Apple unveiled the A14 chip at its iPad & Apple Watch event held in September. The new iPad Air and all the iPhone 12 models are powered by the same A14 chip. It’s the world’s first commercial chip to be based on the 5nm manufacturing process.
The “Pro” models of the iPad usually use a slightly beefier version of the same A-series chip. For example, the iPad Pro has used the A12X in the past and the current generation uses the A12Z chip. Apple has demonstrated that the A12Z is a very powerful chip at the Worldwide Developers Conference (WWDC) keynote. The Developer Transition Kit (DTK) which is basically a Mac Mini using an ARM chip is powered by the same A12Z chip.
Apple Silicon: Future of the Mac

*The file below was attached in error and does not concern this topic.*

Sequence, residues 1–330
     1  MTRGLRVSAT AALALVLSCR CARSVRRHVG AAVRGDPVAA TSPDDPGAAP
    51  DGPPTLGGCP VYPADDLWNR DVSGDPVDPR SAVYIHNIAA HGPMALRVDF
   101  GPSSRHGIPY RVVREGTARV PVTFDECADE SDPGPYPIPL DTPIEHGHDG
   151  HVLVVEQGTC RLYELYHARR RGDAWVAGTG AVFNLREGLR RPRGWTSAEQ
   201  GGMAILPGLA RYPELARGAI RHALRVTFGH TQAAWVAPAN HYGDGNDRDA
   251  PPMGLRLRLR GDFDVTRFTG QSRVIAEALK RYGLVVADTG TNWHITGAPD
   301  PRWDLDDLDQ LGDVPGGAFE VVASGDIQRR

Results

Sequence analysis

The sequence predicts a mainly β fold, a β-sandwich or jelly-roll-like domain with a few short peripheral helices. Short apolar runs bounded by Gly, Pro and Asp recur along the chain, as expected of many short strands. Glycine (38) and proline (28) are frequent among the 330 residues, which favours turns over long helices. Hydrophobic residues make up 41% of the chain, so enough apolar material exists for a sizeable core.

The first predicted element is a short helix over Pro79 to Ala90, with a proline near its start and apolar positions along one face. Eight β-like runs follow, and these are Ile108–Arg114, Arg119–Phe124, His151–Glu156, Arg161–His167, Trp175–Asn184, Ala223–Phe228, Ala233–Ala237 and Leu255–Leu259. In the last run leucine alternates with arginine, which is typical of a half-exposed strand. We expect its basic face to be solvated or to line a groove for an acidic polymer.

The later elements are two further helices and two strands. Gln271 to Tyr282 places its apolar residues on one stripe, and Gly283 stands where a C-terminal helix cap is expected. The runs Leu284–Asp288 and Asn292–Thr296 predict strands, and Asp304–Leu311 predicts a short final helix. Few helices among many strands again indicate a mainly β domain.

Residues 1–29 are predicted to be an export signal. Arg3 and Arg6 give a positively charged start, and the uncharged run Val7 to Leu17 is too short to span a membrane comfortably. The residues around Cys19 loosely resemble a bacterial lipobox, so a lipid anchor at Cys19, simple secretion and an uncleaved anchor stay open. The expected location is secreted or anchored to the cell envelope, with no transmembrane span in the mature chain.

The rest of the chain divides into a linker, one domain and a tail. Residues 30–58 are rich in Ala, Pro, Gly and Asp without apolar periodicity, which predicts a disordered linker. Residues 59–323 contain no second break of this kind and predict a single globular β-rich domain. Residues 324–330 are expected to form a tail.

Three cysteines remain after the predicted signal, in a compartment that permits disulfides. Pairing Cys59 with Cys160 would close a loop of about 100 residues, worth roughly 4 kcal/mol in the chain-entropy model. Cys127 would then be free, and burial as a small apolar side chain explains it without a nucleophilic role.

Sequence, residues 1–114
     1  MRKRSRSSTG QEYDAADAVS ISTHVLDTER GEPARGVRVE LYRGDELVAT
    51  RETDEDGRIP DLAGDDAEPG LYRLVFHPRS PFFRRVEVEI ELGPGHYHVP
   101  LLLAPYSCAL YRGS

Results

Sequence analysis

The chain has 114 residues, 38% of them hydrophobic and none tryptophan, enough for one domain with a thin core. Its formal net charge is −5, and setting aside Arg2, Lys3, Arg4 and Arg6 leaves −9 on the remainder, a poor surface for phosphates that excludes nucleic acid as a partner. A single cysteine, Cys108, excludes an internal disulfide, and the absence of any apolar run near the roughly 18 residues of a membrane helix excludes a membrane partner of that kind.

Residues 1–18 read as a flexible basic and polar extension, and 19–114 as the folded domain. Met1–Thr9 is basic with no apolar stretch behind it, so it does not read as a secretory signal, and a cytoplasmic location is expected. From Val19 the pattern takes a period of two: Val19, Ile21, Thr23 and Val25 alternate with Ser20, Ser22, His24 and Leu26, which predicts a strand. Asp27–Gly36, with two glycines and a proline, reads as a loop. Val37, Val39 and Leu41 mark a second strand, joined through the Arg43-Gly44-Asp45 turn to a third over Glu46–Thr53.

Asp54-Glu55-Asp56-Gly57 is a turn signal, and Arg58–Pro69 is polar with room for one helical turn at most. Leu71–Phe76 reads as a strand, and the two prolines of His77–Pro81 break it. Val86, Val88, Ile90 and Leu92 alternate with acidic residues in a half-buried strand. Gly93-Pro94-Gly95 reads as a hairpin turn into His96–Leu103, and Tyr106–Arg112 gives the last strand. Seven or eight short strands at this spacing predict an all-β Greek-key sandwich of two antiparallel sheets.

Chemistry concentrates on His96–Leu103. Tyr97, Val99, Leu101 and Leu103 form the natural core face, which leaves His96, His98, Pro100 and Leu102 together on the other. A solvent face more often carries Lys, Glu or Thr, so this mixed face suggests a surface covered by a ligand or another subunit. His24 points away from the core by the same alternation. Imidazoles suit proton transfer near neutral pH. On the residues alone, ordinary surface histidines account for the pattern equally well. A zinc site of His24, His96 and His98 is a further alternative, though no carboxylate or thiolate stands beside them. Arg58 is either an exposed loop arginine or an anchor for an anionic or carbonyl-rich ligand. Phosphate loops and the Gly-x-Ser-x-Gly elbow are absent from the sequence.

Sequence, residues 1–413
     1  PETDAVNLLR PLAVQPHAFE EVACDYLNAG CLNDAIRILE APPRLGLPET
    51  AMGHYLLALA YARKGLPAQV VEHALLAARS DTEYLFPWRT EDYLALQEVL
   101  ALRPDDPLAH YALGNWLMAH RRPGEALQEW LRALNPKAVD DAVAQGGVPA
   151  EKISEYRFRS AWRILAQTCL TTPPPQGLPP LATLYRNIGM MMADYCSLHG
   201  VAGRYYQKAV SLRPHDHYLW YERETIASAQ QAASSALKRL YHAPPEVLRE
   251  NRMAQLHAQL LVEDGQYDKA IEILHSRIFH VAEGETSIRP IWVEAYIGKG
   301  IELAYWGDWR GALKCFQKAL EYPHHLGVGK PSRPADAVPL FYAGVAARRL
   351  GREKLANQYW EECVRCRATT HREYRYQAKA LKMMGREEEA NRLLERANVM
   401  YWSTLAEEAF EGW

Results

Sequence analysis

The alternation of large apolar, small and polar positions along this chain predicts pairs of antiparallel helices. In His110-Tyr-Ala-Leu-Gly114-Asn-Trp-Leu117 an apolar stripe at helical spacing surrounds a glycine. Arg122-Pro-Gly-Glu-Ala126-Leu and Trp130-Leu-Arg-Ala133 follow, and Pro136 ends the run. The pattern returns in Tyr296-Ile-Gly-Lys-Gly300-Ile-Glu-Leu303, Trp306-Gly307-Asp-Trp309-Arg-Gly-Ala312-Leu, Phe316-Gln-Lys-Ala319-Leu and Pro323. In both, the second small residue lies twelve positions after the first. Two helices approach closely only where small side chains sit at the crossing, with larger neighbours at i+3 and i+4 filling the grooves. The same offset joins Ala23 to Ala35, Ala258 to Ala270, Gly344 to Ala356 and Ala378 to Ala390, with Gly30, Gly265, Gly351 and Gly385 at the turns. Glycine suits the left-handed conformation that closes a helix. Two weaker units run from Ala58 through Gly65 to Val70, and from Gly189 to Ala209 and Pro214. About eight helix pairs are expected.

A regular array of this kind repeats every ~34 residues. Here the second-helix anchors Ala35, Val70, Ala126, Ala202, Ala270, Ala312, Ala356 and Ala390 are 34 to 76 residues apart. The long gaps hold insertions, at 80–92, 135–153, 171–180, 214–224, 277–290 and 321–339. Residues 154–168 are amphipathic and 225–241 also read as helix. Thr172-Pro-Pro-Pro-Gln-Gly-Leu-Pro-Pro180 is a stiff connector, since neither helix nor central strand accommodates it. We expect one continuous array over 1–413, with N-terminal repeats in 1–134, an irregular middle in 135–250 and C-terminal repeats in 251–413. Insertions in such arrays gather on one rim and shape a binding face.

The first consumer Mac using Apple Silicon is to be released sometime before the end of 2020. While there is no word from Apple as to whether a version of the A14 chip will be used or even the A12Z, it seems likely that a version of the A14 could be used.
Intel has largely struggled to make progress with the 7nm process and has delayed the release “until 2022”. Apple showcased various advantages the ARM based chips would bring, it would also be a big breakthrough for the company to include a 5nm chip in a desktop class machine (or something close to it like a laptop).
The A12X and the A12Z are very identical chips but the A12Z packs an extra unlocked GPU core. The A12X and the A12Z are both octa core chips made based on the 7nm manufacturing process. A “Pro” grade version of the A14 could be a game changer based on the new 5nm process.
The rumors suggest that the first ARM Mac computer would be MacBook as it would be able to show true efficiency of the chip. Apple promises higher efficiency while also packing more performance with its upcoming chips.